i think one of the things i like about storyboarding for comics, especially as a stream-of-consciousness process, is that all you really need is a vague idea of where things should go, and if you have that, you can roll with the little surprises that change things up.

stuff will probably not quite gel with you later, and that's probably for the best, as you're spending time both processing visual and narrative coherency like, off the cuff. but it's GREAT because having the structure sparks new ideas. you can get a gut response from yourself.

i have trouble with just prose because i can't quite grapple story without some kind of visual element anymore, so drawing is my sweet spot for development.

so all my ideas literally come from jotting something super basic and shitty down, looking at it and going "one more pass"

but i also have a hard and fast rule of, "once you move on from a panel or sequence, you let it stay done" -- don't go back, don't tweak stuff, just take notes and keep movin'.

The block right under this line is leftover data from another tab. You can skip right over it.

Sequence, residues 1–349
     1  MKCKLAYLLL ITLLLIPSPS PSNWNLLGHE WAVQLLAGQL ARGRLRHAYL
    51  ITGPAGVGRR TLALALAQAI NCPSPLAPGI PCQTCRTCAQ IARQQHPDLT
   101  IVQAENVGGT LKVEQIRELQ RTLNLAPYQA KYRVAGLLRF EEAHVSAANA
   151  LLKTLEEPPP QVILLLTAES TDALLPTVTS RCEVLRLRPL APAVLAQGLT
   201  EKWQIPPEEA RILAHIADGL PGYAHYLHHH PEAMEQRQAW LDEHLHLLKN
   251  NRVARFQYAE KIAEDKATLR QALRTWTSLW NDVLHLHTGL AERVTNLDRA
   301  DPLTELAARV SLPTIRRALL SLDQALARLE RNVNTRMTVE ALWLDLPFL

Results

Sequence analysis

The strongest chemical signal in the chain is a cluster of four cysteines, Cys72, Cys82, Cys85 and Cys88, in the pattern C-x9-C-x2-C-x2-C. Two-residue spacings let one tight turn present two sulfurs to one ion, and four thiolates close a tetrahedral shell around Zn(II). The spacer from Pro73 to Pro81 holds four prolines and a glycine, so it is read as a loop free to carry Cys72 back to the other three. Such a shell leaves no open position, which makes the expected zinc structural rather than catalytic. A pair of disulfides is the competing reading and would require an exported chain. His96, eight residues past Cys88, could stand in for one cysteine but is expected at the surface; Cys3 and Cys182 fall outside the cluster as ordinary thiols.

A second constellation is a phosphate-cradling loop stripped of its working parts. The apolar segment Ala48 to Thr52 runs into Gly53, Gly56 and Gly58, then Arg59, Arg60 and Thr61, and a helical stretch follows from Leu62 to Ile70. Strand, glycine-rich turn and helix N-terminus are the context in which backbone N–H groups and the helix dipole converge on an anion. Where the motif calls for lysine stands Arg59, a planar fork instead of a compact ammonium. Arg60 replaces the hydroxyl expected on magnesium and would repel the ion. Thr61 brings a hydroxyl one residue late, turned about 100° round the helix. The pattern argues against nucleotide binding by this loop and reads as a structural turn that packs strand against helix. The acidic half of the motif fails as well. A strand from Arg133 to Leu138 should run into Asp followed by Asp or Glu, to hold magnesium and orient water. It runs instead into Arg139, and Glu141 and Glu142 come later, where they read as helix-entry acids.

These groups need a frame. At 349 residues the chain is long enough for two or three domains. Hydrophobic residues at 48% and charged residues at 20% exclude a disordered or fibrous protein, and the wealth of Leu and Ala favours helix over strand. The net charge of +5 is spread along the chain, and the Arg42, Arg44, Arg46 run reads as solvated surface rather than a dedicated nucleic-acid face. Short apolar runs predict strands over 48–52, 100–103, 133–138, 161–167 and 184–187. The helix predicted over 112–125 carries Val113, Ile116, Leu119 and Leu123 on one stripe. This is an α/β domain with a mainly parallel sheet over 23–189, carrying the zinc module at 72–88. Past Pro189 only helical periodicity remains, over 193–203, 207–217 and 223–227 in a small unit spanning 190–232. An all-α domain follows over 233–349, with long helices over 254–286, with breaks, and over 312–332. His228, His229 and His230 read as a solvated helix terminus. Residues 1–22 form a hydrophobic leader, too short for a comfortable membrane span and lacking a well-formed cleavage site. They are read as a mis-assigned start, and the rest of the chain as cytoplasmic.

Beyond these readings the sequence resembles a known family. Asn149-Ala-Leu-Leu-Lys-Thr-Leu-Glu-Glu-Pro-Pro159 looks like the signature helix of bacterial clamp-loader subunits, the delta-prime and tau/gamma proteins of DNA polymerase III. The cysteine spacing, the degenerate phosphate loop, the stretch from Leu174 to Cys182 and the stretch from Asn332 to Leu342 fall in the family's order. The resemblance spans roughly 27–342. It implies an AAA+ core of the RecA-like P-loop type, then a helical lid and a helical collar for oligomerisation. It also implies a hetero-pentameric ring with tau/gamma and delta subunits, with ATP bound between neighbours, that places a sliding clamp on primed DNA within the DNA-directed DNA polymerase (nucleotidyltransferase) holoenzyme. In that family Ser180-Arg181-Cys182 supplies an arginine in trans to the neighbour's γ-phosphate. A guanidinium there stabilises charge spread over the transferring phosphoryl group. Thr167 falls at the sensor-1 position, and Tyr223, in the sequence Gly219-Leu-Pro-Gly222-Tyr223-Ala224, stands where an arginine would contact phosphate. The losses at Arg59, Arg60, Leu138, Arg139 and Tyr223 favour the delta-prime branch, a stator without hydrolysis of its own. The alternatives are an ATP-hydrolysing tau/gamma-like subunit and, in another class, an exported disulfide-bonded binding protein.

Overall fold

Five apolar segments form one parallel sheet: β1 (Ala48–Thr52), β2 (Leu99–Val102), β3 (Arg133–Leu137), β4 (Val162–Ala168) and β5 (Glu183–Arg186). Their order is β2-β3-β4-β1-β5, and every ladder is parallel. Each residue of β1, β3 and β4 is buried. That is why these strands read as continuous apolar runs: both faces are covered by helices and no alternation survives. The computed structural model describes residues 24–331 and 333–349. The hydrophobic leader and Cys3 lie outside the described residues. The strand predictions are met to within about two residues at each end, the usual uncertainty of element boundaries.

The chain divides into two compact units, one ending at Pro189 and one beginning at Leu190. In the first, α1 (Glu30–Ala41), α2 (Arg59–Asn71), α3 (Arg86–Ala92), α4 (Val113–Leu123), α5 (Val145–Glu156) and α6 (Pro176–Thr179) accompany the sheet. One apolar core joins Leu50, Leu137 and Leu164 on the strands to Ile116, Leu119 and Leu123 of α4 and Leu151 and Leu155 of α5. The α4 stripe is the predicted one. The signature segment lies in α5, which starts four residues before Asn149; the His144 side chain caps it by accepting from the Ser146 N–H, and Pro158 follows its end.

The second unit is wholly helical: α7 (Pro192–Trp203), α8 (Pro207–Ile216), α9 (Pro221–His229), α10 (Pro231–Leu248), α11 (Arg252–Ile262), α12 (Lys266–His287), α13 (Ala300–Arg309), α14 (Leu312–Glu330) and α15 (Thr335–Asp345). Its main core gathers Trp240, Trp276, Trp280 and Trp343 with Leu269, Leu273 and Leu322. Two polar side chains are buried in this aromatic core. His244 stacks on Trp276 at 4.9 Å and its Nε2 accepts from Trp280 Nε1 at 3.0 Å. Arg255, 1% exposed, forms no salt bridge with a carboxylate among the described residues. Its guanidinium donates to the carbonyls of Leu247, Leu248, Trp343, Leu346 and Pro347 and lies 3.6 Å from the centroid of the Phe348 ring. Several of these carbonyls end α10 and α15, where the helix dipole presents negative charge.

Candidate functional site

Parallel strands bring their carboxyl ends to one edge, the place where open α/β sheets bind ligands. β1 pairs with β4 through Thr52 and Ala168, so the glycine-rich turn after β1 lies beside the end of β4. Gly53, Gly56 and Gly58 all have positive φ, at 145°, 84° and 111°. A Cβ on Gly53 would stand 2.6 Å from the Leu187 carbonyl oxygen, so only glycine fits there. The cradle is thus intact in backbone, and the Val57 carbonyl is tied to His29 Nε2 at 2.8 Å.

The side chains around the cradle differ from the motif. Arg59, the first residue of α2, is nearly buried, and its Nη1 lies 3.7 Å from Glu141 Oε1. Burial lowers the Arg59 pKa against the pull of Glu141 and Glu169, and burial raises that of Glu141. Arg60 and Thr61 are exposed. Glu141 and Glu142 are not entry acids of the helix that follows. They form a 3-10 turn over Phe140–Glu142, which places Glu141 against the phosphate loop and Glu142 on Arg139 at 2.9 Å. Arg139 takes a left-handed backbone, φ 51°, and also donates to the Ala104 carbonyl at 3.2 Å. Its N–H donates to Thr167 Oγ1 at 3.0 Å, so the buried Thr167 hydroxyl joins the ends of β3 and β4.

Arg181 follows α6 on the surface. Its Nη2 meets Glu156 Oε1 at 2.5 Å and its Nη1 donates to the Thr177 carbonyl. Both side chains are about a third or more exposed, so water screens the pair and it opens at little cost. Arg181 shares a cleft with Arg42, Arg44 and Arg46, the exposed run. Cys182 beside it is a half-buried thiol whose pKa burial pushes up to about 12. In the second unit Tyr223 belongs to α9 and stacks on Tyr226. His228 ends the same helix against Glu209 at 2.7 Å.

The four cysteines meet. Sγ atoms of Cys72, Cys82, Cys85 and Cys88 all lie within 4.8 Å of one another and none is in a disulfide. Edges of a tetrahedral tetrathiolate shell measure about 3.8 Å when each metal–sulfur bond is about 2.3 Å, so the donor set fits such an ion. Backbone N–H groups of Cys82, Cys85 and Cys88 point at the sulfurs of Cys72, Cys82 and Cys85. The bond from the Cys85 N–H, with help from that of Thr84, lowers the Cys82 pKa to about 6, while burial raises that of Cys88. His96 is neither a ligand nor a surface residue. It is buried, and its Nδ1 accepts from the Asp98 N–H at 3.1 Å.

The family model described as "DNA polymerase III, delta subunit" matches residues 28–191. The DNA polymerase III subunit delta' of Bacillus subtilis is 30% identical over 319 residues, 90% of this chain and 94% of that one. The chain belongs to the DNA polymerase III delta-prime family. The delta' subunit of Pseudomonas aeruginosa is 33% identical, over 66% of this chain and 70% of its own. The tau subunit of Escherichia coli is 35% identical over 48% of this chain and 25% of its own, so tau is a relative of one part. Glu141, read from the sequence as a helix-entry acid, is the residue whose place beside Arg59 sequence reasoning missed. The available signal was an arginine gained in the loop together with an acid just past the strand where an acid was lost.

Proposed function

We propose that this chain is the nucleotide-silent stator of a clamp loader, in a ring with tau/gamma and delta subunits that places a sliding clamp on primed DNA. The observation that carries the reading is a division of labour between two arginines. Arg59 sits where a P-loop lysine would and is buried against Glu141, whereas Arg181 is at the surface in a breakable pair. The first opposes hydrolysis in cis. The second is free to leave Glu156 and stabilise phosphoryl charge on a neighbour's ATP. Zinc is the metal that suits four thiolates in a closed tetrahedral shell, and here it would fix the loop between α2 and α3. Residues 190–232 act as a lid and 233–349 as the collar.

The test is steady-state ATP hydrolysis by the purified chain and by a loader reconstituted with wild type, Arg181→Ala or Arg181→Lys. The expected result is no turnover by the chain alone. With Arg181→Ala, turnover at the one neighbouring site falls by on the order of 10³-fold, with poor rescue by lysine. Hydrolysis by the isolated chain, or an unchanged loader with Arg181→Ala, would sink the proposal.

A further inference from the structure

it's honestly just better to power through and read it later and do a small post-mortem on yourself to see what it is you like and what you wanna change, and go into the next draft with the big picture in mind, rather than focusing on all the little changes and tweaks.

tl;dr: make the shitty version of the thing before you try making the good version of the thing

@Anderjak this is such good advice for any creative endeavor! Have you read Anne Lamotte's "Shitty First Drafts?" Very similar

Never have, but now I got something new to look up!


@Anderjak the whole book, Bird by Bird, is also quite good. It's about the creative process

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